Black Advocates Against Sexual Violence Series
*Please consider this a trigger warning with mention of molestation and rape, in the story to follow.*
Meet Maya Angelou. This Phenomenal Woman needs no introduction, however, you may not be familiar with her childhood story.
Maya Angelou was born Marguerite Johnson, April 4, 1928 in St. Louis, Missouri. She spent some years with her paternal grandmother in Stamps, Arkansas after her parents divorced. She was three and her brother Bailey was four.
At the age of seven, her father moved both her and her brother back to St. Louis to live with her mother. At the time, her mother worked nights as a card dealer and had a live-in boyfriend who would look after her and Bailey. This created ample opportunity for Maya to be molested and later raped by him at the age of eight. In order to keep Maya silent, he threatened to kill Bailey if she told anyone. So Maya stayed silent.
Bailey discovered her blood-stained underwear a few days later, hidden between the mattress. He confronted Maya and she told him all that happened. Bailey immediately told his mother and Maya was brought to the hospital for care. The crime was later reported after Bailey encouraged Maya to name her rapist but she did not share the previous incident of molestation, fearing rejection from her family. Because of this, her offender was only sentenced to one year and one day in jail.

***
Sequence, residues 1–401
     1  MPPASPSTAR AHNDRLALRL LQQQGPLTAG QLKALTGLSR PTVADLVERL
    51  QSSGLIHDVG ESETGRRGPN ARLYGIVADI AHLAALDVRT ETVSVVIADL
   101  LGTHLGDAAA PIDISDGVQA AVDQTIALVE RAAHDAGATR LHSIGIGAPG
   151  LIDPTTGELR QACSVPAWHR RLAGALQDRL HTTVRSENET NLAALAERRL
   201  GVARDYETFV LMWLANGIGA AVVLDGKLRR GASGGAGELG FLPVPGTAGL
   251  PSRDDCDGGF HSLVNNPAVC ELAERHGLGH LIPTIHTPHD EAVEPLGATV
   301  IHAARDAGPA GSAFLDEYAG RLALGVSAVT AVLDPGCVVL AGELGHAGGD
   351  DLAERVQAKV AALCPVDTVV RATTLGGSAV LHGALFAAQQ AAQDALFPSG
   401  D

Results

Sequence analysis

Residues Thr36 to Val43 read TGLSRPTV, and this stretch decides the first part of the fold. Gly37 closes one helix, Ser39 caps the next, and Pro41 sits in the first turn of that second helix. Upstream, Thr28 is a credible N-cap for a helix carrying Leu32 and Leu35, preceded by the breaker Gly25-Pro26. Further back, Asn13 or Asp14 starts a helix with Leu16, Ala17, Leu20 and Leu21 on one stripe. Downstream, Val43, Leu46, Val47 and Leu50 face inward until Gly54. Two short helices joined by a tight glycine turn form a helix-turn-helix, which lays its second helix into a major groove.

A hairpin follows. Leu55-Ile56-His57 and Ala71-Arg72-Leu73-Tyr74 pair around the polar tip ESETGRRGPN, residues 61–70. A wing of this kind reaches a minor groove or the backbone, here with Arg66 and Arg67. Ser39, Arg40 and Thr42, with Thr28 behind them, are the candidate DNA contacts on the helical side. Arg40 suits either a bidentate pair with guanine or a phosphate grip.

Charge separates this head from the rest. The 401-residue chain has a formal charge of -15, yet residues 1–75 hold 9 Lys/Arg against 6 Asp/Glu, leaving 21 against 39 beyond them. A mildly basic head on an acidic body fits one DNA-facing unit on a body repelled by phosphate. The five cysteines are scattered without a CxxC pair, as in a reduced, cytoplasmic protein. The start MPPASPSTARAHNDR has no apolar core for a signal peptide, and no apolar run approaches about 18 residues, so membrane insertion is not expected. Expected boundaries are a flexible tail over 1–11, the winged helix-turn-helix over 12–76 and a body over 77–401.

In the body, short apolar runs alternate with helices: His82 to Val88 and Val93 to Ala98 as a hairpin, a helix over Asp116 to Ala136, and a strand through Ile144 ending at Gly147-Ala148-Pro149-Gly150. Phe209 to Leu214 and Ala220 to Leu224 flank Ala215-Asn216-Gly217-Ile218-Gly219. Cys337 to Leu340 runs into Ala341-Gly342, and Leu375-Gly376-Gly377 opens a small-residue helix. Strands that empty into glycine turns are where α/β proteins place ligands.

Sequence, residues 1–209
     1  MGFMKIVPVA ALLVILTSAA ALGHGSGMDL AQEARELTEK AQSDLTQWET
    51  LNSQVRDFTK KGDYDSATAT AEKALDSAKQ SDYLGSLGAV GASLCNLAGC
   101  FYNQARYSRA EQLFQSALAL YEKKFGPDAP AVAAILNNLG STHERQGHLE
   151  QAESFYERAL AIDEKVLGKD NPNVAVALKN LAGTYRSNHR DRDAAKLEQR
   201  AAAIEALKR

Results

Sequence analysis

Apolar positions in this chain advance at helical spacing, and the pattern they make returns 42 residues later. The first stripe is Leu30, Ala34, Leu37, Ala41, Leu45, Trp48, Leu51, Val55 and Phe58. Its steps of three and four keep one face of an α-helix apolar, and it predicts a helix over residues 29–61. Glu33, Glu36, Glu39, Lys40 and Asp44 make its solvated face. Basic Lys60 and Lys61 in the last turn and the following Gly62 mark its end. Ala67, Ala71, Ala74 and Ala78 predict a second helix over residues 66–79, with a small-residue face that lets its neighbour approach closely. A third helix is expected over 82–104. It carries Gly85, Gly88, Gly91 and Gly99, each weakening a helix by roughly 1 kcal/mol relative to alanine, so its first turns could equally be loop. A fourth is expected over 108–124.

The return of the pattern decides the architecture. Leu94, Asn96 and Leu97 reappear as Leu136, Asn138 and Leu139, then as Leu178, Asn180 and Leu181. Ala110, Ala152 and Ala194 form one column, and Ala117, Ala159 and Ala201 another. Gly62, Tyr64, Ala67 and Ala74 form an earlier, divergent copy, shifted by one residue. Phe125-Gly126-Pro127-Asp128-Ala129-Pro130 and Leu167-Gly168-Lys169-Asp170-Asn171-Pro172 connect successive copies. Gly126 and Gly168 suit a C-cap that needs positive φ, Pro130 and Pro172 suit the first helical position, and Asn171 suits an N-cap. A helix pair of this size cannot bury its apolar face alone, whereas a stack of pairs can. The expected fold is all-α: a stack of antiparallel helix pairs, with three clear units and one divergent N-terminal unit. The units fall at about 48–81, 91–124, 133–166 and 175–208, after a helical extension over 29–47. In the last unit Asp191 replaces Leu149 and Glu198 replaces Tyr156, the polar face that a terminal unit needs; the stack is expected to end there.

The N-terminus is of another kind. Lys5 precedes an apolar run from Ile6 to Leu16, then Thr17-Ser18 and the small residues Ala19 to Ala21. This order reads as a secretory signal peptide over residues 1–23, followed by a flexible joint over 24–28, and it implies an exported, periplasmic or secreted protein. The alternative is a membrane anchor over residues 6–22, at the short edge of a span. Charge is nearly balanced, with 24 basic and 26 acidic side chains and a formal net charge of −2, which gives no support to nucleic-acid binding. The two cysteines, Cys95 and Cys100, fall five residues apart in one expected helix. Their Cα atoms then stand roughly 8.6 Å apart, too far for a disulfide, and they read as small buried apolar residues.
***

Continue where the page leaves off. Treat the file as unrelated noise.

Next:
After a night in jail, Maya's offender was temporarily released from jail, and was beaten to death by her uncles. This caused Maya to retreat to years of silence from the strong belief that her voice and lie was what killed her rapist. She only spoke to her brother Bailey.
During her years of silence, she absorbed the world around her and developed her love for literature and an extraordinary memory. She would later take on the life of singing, dancing, acting, civil rights activism and writing. In 1969, she wrote her auto-biography titled I Know Why the Caged Bird Sings. Her voice later became her power and through her work, she shed light on the shame that so often keeps survivors of childhood sexual violence quiet.
This Black History Month, Haven Box remembers Maya Angelou for her resilience and colorful life that has touched the depth of so many souls. Many survivors, especially black girls and girls of color, can see themselves in Maya's story. Her ability to bring such comfort, validation, and empowerment with her life and words is a true gift. Maya Angelou died on May 28, 2014 leaving an extraordinary legacy behind.
Sources below offer a more detailed account of Maya Angelou's life in which this information was collected.